Risky ways to save on your mortgage

With interest rates likely to rise again, homeowners will be looking for ways to save money on their mortgages. A foreign currency is one option, but a very risky one.

Update: read Should you buy a yen mortgage? for more expert advice on yen and foreign currency mortgages.

Interest rates aren't likely to stay at 4.75% for long now that inflation has unexpectedly jumped up again. The consumer price index rose to 2.5% in August from 2.4% in July, well ahead of the Bank of England's annual target of 2%. But while any rise is likely to hit many mortgage holders on variable rates quite severely, it doesn't necessarily mean that you can't continue to find low rates. Foreign-currency mortgages have been available on the UK market for some time, and although quite risky in comparison to their domestic counterparts, taking one out could save you a bucket-load of cash. The only problem is that you'll have to be filthy rich first.

Foreign-currency mortgages: impressive savings

Borrowing in sterling is more expensive than borrowing in Swiss francs or at the Euro libor rate, which makes borrowing at other zones' rates an obvious attraction. ECU, a company that manages foreign-currency mortgages

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for its clients, says the average interest it has obtained for its customers plus a margin of 1.75% over the past five years is 3.43%, against a UK interest rate of 6.14%. That's an impressive saving. Another advantage is that by borrowing in a foreign currency but owning an asset in sterling, if currency movements move in your favour the value of your debt could fall.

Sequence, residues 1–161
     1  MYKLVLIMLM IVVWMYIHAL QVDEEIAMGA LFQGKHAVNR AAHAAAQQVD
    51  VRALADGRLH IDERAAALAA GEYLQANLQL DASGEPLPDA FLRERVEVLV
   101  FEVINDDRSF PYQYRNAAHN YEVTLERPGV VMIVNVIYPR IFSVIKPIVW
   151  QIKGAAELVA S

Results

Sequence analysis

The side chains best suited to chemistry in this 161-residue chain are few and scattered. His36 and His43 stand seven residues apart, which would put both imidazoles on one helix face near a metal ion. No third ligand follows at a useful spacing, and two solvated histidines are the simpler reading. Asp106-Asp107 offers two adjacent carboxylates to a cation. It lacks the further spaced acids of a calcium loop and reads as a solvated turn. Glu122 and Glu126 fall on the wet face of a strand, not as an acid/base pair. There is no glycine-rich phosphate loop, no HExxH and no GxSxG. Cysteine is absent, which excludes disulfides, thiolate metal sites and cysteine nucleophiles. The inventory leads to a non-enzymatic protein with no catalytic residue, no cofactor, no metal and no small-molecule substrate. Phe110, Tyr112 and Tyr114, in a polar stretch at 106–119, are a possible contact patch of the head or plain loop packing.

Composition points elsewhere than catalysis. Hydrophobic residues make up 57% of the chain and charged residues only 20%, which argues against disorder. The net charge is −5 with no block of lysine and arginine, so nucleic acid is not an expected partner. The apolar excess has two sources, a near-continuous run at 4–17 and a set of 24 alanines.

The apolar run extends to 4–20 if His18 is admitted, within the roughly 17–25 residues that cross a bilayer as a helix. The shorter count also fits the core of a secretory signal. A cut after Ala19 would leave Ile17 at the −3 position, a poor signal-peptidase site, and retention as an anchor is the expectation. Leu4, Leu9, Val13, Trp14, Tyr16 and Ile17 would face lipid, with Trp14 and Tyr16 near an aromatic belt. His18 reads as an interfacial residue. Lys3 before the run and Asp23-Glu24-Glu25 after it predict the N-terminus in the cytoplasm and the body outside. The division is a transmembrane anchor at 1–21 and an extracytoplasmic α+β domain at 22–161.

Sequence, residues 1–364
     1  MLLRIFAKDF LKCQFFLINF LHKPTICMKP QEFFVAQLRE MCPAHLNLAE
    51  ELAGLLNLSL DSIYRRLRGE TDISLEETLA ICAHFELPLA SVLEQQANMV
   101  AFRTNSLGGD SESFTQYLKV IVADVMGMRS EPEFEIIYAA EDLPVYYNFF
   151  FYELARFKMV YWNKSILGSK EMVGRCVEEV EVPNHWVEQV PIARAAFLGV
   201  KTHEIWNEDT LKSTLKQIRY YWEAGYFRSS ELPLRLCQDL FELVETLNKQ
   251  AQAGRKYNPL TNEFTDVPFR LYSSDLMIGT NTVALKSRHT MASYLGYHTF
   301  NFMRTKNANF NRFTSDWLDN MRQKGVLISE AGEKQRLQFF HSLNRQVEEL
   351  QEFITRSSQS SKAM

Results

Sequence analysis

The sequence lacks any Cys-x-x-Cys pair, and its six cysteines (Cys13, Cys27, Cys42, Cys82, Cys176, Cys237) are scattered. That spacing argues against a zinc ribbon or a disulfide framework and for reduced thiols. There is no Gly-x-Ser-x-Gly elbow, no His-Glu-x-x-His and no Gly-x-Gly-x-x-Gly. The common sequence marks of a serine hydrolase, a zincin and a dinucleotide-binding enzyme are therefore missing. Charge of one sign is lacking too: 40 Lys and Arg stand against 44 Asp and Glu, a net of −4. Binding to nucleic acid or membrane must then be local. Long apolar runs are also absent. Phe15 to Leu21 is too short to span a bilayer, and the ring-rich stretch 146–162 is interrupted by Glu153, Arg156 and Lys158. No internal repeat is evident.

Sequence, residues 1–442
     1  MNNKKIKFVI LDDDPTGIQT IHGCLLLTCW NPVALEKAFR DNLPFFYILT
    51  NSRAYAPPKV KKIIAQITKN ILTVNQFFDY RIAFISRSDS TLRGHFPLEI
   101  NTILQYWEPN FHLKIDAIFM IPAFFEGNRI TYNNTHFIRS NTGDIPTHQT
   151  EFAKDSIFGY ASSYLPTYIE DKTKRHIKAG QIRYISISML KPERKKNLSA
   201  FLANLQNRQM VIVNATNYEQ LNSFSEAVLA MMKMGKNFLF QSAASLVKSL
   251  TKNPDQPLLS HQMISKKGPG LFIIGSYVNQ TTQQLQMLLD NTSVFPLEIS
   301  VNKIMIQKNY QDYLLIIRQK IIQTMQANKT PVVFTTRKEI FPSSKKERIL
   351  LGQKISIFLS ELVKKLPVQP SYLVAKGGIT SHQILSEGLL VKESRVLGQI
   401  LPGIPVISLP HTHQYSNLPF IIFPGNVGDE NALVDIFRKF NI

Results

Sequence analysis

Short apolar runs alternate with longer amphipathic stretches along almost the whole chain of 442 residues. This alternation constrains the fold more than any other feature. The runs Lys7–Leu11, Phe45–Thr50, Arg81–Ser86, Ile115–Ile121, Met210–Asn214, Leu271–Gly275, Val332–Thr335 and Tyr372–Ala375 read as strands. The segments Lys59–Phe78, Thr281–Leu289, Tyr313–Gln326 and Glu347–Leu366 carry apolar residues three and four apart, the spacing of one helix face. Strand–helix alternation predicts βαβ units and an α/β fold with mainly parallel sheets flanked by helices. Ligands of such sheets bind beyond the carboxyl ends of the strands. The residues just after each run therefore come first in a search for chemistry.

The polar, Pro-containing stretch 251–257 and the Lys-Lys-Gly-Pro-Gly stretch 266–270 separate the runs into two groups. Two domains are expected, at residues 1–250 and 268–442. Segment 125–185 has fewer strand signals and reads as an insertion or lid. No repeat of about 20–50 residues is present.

Foreign-currency mortgages: the consequences

However, if prices move in the opposite direction, you could see all the equity in your home disappear, and end up burning your fingers badly. "Ultimately, it's mainly bankers or finance guys" that tend to take out these kinds of mortgages, "because they tend to understand the risks", says Jonathan Cornell of Hamptons International Mortgages. But that's probably a good thing, he believes. In the early 1990s, many people took out yen mortgages to take advantage of low rates in Japan, but were then hurt by a strengthening yen. "The trouble was, when someone isn't so astute, they don't realise what the consequences are if it doesn't do what it's supposed to," Cornell says.

Foreign-currency mortgages: only the rich need apply

High net-worth individuals can sidetrack the problems posed by currency fluctuations by "flipping" the currencies in which they get paid from month to month. However, if they are earning such a high salary, they are probably a member of one of the private banks offering mortgages in other denominations already. Take, for example, Fortis Bank; it offers a yen mortgage at 0.35% and a Swiss Franc mortgage at 1.52%, with a maximum advance of 70%. Jaw-dropping rates, yes, but the message seems to be that first-time buyers and charity cases need not apply.

Jody Clarke

Jody studied at the University of Limerick and she has been a senior writer for MoneyWeek for more than 15 years. Jody is experienced in interviewing, for example in her time she has dug into the lives of an ex-M15 agent and quirky business owners who have made millions. Jody’s other areas of expertise include advice on funds, stocks and house prices.